Helping KY Seniors Get Around Town Safely
Monday, August 10, 2015
LEXINGTON, Ky. – Research confirms what many folks already know – the Centers for Disease Control and Prevention (CDC) says per mile traveled, fatal crashes increase noticeably at age 70 and are highest among drivers 85 and up.
When Katherine Freund's now-adult son was three, he was struck by a vehicle driven by an 84-year-old driver. After not talking about the traumatic experience for nearly two decades, Freund came full circle – now using it to shed light on safety and mobility issues facing seniors.
In her words, "telling stories helps solve problems," so she's in Kentucky today, to hear what others have to say.
"This issue touches millions of people and there are millions of stories out there,” she says. “And, if we're really going to solve this problem, it has to be about everybody's stories, not just me, not just my son."
Freund's stop in Lexington comes near the end of her Storybook Tour, a two- month, 12,000-mile road trip across the country.
Freund says she's heard from seniors who have no way to get around, from those who have found solutions, and from too many people whom she describes as terribly hurt by the problem.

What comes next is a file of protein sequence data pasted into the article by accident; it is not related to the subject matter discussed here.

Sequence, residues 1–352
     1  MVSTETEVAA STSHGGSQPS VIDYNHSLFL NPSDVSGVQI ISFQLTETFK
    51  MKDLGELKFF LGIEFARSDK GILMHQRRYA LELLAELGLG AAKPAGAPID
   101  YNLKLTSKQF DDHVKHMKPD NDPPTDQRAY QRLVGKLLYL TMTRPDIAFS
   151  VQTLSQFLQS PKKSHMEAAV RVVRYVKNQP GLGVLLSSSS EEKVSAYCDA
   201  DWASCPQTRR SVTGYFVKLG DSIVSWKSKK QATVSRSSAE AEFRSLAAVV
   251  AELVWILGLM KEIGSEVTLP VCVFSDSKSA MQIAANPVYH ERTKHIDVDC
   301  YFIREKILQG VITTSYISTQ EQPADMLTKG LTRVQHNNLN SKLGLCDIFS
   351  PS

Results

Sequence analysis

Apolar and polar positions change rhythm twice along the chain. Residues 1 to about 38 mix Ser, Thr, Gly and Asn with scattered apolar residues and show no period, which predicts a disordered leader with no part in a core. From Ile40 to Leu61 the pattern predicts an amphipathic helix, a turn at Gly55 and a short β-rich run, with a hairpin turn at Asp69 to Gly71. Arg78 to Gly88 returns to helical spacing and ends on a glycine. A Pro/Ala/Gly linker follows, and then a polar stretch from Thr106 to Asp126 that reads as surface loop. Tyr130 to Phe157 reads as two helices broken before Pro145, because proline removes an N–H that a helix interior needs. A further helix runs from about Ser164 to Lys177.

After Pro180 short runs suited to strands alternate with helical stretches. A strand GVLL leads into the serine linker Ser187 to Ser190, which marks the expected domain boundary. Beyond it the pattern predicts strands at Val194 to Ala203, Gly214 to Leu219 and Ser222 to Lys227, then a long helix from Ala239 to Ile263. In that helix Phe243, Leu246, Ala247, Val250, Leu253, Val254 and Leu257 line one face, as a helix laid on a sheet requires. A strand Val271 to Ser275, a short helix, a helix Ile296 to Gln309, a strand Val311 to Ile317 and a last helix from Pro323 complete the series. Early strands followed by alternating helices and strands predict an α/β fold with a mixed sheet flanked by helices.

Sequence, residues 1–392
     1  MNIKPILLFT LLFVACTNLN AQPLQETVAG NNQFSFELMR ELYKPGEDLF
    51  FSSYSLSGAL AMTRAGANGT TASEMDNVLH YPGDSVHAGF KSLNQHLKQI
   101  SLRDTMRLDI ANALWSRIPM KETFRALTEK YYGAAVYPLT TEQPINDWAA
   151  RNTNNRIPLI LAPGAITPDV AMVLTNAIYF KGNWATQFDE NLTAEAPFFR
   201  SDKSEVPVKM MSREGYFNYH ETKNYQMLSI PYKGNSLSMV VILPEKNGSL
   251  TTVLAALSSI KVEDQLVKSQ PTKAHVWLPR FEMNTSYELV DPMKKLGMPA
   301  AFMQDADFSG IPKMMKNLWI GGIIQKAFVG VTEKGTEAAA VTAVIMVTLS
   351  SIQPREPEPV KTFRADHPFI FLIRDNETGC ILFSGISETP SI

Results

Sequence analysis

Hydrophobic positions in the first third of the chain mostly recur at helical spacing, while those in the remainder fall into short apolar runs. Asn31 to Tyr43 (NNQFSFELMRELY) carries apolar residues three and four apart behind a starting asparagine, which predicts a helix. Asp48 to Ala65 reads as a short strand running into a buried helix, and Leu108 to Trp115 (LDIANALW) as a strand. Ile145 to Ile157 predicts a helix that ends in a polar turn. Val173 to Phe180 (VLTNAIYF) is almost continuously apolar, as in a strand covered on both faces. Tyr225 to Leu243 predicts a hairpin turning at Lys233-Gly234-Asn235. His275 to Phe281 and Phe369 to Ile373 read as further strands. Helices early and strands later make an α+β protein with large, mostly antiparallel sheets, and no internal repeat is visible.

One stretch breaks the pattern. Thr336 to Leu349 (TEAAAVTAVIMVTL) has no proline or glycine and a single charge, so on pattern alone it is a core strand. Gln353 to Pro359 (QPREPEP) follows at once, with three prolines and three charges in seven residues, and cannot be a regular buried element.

By 2030, one in five Americans will be 65 or older.
Freund tells groups if more people speak up, it will be a major step toward solving the problem of how the seniors stay mobile, safely.
"The other piece of solving the problem, I think, is people noticing that older people can't get around, and getting in their cars and offering rides,” she says. “I think the answer to this national transportation problem is parked in driveways, from coast to coast."
Freund founded the Independent Transportation Network (ITN) 20 years ago in Portland, Maine. The nonprofit organization, which provides rides to seniors, has expanded to 27 communities around the country, including Lexington. The riders pay a membership fee.
Susan Harper says her 89-year-old mother, Dorothy Friend, quit driving four years ago for safety reasons and now uses the ITN ride service in Lexington to go to her hairdresser, exercise classes and the doctor.
"It is a part of a solution that works,” she states. “It's kept her having some independence, because she can call and make her rides for her appointments where she needs to go, and not depending on family members. "
Harper says talking with the drivers is also another good social outlet for her mom.
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